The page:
They might be called the long-eared owl (Asio otus), but you actually can’t see their ears.
Instead, this state-threatened owl has feathered tufts on top of its head that look like it has long, pointy ears.
They have a loud call.
Like the great-horned owl, the long-eared owl has a hoot, like we expect from owls. The male’s call can sometimes be heard from up to 1 kilometer away. Listen here:
Long-eared owls are truly nocturnal.
The long-eared owl fits into about every description we typically think of with owls, including that it is strictly nocturnal. Its ears position and facial disc amplify sounds so that it has amazing hearing and can hunt in even pitch black darkness.
It eats mostly small mammals and eats them whole, regurgitating indigestible parts such as fur and bone into owl pellets.
They are scarce.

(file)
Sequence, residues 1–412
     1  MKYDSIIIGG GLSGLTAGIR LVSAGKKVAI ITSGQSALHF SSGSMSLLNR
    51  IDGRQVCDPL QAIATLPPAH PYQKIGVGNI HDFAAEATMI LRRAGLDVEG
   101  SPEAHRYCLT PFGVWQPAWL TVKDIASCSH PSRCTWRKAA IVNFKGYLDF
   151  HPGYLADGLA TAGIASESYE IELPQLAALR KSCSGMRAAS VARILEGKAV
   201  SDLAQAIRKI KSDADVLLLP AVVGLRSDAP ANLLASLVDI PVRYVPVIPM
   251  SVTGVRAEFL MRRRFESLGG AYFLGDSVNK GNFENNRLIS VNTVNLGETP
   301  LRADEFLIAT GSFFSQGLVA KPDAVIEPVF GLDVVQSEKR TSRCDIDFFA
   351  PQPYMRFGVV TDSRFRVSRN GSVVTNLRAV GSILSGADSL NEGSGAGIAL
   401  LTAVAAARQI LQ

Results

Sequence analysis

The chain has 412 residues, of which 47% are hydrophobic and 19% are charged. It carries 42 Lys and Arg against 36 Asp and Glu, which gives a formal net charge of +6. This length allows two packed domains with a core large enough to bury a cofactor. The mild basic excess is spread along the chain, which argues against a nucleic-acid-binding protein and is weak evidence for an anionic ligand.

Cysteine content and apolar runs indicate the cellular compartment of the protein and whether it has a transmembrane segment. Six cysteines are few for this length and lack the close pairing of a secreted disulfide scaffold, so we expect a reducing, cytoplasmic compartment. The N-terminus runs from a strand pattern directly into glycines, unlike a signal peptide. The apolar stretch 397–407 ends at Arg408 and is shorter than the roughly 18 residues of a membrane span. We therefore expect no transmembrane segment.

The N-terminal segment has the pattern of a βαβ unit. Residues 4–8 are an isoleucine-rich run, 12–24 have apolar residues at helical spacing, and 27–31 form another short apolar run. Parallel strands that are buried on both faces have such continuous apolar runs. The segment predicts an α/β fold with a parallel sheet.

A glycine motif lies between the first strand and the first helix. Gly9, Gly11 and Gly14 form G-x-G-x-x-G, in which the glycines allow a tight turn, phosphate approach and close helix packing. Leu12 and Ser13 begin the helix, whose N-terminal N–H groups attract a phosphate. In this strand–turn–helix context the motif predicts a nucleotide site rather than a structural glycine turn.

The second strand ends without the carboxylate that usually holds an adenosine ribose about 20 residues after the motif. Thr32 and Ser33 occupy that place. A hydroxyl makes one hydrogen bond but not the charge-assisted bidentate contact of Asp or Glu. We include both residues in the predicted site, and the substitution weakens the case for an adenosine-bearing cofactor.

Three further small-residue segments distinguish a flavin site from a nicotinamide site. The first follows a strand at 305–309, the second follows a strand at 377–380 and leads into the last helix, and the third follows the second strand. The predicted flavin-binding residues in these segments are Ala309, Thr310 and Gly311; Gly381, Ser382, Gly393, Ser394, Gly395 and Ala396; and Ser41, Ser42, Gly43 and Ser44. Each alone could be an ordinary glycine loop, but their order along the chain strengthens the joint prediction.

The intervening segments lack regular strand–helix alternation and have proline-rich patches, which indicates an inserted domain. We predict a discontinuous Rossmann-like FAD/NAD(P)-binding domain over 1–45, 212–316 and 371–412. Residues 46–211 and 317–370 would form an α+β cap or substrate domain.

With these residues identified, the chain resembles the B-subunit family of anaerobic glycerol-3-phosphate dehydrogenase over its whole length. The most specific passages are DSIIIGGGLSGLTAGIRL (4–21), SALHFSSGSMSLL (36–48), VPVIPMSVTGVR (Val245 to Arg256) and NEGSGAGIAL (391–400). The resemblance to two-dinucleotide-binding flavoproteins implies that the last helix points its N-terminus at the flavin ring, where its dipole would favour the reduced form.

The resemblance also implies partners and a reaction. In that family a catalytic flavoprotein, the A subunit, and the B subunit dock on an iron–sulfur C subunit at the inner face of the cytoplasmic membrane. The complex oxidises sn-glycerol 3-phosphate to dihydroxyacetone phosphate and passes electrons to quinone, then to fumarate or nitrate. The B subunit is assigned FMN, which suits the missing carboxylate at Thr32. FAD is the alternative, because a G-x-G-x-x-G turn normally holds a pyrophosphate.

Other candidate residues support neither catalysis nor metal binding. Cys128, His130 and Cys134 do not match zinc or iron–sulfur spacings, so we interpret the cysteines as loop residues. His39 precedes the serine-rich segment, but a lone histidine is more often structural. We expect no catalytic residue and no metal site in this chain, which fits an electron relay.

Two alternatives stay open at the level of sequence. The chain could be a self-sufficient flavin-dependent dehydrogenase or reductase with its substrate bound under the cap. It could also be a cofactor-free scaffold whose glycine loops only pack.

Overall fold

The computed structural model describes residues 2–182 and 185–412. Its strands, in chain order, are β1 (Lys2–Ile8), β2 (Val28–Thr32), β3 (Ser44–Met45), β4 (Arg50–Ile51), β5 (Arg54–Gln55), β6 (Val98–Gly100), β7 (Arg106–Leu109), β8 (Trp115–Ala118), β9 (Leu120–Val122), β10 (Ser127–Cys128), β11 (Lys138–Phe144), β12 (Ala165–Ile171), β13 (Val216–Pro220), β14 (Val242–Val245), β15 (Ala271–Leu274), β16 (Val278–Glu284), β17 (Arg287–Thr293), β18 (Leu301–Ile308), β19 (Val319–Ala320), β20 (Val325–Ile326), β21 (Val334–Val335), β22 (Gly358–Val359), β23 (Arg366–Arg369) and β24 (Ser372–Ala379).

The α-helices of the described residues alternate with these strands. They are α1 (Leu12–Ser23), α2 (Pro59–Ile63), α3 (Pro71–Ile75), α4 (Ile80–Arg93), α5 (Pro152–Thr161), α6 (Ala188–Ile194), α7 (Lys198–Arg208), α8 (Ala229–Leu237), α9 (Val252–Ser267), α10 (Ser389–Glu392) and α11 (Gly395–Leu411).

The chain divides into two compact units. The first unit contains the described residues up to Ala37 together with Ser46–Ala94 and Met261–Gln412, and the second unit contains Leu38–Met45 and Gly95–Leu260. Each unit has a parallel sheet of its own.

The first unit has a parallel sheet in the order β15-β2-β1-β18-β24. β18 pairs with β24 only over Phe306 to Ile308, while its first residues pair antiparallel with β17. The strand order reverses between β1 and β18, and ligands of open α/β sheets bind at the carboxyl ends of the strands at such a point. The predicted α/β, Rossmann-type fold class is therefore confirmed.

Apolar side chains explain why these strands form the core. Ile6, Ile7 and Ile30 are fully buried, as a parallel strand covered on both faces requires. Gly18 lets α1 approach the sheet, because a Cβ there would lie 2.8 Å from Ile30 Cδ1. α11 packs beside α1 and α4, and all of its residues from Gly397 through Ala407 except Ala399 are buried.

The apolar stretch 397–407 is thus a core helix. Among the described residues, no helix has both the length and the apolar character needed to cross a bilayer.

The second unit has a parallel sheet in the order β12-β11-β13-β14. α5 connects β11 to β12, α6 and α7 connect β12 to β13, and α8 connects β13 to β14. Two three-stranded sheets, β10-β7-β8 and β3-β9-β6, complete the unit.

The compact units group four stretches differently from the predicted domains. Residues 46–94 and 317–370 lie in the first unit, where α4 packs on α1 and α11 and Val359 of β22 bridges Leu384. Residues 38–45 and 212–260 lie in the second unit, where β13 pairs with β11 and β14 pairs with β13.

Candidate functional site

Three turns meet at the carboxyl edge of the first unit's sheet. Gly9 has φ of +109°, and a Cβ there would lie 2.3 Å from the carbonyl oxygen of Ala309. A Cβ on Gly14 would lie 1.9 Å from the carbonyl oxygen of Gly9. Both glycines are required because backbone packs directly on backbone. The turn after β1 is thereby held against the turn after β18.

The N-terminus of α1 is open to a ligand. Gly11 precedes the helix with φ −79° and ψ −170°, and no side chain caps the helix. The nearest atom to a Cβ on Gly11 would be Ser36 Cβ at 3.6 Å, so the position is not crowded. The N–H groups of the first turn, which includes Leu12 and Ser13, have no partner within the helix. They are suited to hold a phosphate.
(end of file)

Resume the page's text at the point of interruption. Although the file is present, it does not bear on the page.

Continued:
The long-eared owl is state threatened, and it was listed on the 2016 State of North America’s Birds’ Watch List. However, they have wonderful camouflage and secretive, nocturnal behavior, so their population trends are actually difficult to determine.
They need a mix of grassland — for foraging — and wooded areas — for roosting and nesting — so they are susceptible to habitat loss.
Long-eared owls are nest stealers.
Instead of making their own nests, long-eared owls will commandeer another bird’s nest for their own use — usually from magpies, crows, ravens and hawks.
According to Cornell University’s All About Birds site,
They could be confused for a great-horned owl.
Since they have a hooting call and tufts on top of the head, they could be easily confused for a great-horned owl. However, long-eared owls are smaller. They are about crow-sized, growing up to 15.8 inches in length, weighing an average of 10 ounces and having a wingspan up to 39.4 inches.
Plus, long-eared owls have longer tufts on top of the head. Some people say the long-eared owl always looks surprised because of the length and placement of these tufts.
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